The Pacific Islanders made the perfect start as Josua Tuisova produced a brilliant solo finish to score a fourth-minute try.

Fiji then took advantage of a yellow card for Wales hooker Ken Owens shortly after and Kini Murimurivalu added a second.

After its early scare, and with Fijian lock Tevita Cavubati in the sin bin, Wales got on the board through Adams after he gathered an expertly judged cross kick from Dan Biggar on 17 minutes.

In an eventful first half, Fiji was shown another yellow card — the third in 28 minutes — as Semi Kunatani was penalized for repeated infringements and numerous warnings.

Once again, Wales wasted no time making Fiji pay as Adams scored his second try to put his side in front.

Fiji started the second half quickly, and its pressure eventually paid off as flanker James Davies was shown the games’ fourth yellow card and Fiji took advantage immediately with a penalty try.

An ugly collision between two Welsh players caused Biggar to leave for a head injury assessment before Adams completed his hat-trick with another expertly taken try.

Wales finished strongly, and Williams wrapped up the bonus-point victory with his side’s fourth try.

The win ensures that if Wales beats unfancied Uruguay Sunday in its final group game, it will finish top of Pool D.

Despite the result going against his team, coach John McKee was pleased with the Fijians’ gutsy performance.

“I’m just so proud of the effort our boys put in this evening,” the Kiwi-born coach said. “They’re playing the Six Nations champions, a team that’s been no. 1 in the world this year and we really took the game to them.

“And although we didn’t get there in the end, I think it was an absolute gallant effort all round. The players have been so committed, a lot of them are playing around the world but they still come back to play for Fiji.

“They’re so proud to wear the white jersey and represent their people and you see the passion with which they play in games like this.”

Fiji's players gather after its defeat to Wales.

A victory, but at what cost?

Wales’ win over Fiji was a physical slog, with hard hits and big collisions a constant occurrence.

And due to the physical nature of the game the injuries started to pile up.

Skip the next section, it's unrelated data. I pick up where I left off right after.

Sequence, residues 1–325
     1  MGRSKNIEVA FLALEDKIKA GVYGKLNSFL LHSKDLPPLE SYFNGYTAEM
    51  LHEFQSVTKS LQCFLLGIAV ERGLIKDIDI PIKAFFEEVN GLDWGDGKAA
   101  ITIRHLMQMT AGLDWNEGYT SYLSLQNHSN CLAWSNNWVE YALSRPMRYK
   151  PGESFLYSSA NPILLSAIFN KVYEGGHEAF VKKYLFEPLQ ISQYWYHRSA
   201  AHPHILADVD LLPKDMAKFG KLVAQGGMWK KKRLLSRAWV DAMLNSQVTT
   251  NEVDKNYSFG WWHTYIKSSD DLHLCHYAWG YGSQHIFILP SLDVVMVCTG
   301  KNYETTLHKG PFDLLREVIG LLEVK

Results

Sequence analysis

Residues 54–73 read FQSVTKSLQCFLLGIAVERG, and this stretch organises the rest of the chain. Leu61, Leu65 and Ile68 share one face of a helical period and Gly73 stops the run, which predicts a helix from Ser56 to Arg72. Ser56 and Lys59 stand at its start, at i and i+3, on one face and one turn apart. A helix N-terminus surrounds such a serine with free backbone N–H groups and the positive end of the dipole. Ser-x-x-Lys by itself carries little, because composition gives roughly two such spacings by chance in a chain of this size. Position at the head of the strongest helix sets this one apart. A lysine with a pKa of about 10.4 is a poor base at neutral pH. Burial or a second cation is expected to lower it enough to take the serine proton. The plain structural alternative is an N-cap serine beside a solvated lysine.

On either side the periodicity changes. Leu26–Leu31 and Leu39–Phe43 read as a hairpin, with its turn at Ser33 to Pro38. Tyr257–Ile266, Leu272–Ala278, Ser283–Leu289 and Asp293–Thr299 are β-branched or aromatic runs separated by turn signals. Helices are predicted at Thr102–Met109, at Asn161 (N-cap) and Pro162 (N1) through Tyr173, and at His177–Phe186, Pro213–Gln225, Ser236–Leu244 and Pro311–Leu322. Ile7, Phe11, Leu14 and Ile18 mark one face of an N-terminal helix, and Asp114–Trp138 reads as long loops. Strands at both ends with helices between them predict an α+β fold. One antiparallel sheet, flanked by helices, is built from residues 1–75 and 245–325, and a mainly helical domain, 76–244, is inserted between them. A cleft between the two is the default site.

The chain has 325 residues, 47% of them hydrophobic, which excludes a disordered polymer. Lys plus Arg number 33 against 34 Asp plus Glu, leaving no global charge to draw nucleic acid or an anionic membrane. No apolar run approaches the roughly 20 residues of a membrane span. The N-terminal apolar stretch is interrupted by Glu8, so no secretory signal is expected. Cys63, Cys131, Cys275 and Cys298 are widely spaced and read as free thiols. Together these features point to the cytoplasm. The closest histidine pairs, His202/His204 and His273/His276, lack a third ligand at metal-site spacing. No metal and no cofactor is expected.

Biggar suffered a head injury after colliding with his teammate Williams and both Adams and Jonathan Davies appeared to suffer leg injuries in the buildup to Wales’ third try.

“Josh Adams did really well,” said Wales coach Warren Gatland. “We’ve got a tough four-day turnaround to Uruguay so I think the medics are going to be working pretty hard over the next 24-48 hours.”

“We just had to stay in the game. At 10-0 down, I think I would’ve taken that score line, a bonus point win.

“That was tough though, they’ve got some unbelievable individuals and we just had to stay in it and the message was ‘keep trying to play through phases’ because when we get the ball and play through phases, we created opportunities. But we didn’t do that enough. It was a tough, physical, great game of rugby.”

Dan Biggar is attended to by medics after a collision with Liam Williams.

Bowing out with heads held high

In terms of results, it’s been a disappointing World Cup campaign for Fiji, which has lost three out of its four group games.

However, having finished third in Pool D, the Pacific Islanders have guaranteed their place at the World Cup in France in four years’ time.

“It’s never easy being with a team coming from a small nation,” said Fiji captain Dominiko Waqaniburotu. “Leaving your families behind, leaving everything behind and coming to this kind of big campaign.

“It’s a lot of pressure being put on the boys and I’m just so thankful. They’re just keeping their heads up even though it’s not a win today, it’s not the result we wanted.

“I’m still giving thanks for what the boys did today.”